Elder remembers that at that moment, there was a sudden downdraft. This tells us a couple of things. The important point is that when wind flows over a mountain, the “upwind” side has updrafts and the lee side has downdrafts. So if you are flying with the wind, you know you can expect wind flowing up as you approach the mountain: just like you, it wants to get over the peak. And if you are flying against the wind, then as you approach the high ground, the wind will flow down.
If they were about to cross a ridge and experienced a downdraft, then they were on the lee side. The ridge was at 12,500 feet and it was a warm day which means the density altitude was even higher. The Cessna 182’s ceiling is around 16,500 feet. On a windy day on the wrong side of the ridge, without being able to see the view on the opposite side as they approached, there was no way they were going to get across it.
Elder wrote that she looked forward to see them flying into a wall of granite. The next thing she knew, she was waking up in a crumpled aircraft on the side of the mountain, a few feet away from the ridge.
The pilot had crawled out of the plane but his girlfriend was still unconscious. They dragged her out of the plane and Elder collected the fuel dripping from the broken wing so that she could light it for warmth. The girlfriend convulsed and slipped down the slope. The pilot seemed to have given up, telling Elder “I did a dumb thing, really dumb. I should have circled. Should have made another approach to gain altitude. There were downdrafts.”
The point of circling is that you can keep clear of terrain while you increase your altitude. By circling the valley, a pilot can get 1,000 or 2,000 feet clearance before crossing the ridge. But realistically, that’s 14,500 feet and with the high density altitude, he would have already reached the ceiling of the aircraft. Add to that the fact that he was trying to cross on the lee side of the mountain. He knew they were in turbulent weather, which meant that he needed more altitude in order to not be smashed into the terrain by the downdraft as they crossed.
As it was, the Cessna impacted the rock nose first, so it was below the ridge by the time they reached it.
Although in a sense, he understood that he should have had more altitude before attempting to cross high ground, this statement as much as anything betrays his lack of understanding of the situation he was in.
He died of his injuries and hypothermia during the night. The following morning, Elder saw a small plane flying overhead but was unable to attract its attention. She knew she needed to get down the 12,500 foot slope and to safety.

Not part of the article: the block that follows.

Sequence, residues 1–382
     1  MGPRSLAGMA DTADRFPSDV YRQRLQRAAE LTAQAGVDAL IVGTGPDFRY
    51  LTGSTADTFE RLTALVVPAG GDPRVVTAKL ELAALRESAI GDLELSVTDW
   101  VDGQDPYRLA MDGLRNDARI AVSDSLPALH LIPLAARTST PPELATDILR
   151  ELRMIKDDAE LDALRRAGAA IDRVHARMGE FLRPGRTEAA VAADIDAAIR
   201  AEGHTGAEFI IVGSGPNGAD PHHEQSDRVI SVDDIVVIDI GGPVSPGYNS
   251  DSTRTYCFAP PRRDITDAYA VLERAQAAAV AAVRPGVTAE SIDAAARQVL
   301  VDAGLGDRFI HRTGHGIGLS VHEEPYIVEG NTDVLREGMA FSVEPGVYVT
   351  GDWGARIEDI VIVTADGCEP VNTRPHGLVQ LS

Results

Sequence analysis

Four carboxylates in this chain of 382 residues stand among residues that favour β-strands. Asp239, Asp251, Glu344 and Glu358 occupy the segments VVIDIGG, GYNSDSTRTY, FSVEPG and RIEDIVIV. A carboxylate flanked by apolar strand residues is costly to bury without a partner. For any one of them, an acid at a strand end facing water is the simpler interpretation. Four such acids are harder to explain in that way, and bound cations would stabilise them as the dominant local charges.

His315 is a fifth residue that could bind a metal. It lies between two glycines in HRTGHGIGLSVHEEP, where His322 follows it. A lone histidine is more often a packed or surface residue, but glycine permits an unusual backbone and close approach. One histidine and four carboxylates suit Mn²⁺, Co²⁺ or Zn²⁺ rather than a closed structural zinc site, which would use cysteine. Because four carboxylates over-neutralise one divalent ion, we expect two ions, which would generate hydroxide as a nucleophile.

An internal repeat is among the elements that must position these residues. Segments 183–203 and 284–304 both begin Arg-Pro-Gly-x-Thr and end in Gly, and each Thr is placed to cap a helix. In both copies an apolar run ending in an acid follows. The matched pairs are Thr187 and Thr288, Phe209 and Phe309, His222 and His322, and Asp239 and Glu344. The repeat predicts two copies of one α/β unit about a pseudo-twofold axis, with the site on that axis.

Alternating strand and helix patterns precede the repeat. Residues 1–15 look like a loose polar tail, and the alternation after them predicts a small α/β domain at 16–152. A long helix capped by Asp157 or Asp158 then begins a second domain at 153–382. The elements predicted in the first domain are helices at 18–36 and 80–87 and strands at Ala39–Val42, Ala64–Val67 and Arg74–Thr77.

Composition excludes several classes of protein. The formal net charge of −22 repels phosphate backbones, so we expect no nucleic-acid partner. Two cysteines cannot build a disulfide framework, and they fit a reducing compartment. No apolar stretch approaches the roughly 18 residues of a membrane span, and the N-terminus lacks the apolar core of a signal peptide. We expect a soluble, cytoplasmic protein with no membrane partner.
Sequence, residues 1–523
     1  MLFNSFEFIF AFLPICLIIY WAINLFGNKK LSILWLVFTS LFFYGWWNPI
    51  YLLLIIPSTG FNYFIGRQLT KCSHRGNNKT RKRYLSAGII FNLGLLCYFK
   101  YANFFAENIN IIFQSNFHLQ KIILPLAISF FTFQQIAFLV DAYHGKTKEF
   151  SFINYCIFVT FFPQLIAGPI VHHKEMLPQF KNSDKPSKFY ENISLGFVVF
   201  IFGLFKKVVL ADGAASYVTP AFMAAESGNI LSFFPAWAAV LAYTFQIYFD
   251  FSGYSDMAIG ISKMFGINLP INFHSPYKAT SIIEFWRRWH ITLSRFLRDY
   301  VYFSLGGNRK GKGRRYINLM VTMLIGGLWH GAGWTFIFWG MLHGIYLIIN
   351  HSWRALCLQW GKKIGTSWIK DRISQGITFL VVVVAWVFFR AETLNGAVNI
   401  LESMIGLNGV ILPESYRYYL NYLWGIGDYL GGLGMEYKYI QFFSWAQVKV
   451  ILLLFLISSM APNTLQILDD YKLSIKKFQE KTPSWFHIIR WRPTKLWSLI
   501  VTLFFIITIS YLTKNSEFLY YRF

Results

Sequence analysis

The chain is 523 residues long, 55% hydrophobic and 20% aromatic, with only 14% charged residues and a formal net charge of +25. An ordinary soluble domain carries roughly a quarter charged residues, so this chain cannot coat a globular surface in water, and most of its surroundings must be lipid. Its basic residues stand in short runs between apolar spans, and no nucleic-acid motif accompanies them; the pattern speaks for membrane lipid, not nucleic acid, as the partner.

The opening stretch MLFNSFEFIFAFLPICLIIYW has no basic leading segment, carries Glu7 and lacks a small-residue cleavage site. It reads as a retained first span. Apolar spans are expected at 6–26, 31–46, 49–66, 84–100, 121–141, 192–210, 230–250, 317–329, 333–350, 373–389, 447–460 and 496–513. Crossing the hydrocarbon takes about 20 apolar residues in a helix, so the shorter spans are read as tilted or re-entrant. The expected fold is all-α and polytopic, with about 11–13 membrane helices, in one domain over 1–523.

Lauren Elder wrote about her experience in a book called And I Alone Survived which I very much recommend. It’s an amazing survival story of her trek down the icy mountain with a broken arm and shattered teeth, just to be ignored when she reached the town of Independence, as the townsfolk thought she might be yet another drug-addled groupie of Charles Manson, who had recently gone to trial there.
Regarding the flight, the NTSB cited the weather as “high density altitude” and offered the following probable causes:
– continued flight into known areas of severe turbulence
– weather: downdraft, updrafts
– improper in-flight decisions or planning
These days, the causal factors would be more detailed; those points lead to the conclusion that that the pilot continued to fly in dangerous conditions, ignoring severe turbulence. The key point of the report is that the NTSB believes the pilot should have realized that the conditions were bad, that the turbulence during the flight meant that there would be severe updrafts and downdrafts near the mountain ridges, and that a plan to fly over the high ridge at that height was a bad decision.
An easier way to put it might be simply lack of respect for the Nevada Triangle.
Speaking of triangles, I’m excited to tell you that Serial Box have just launched The Triangle, a paranormal mystery created by Dan Koboldt and written by Dan Koboldt, Mindy McGinnis and …me!
You can find out more about Serial Box here: How It Works or you can click straight through the free pilot episode, also known as chapter one. The series is available as text or audio and if you like it, you can subscribe for a 25% discount by using the discount code TRIANGLE25.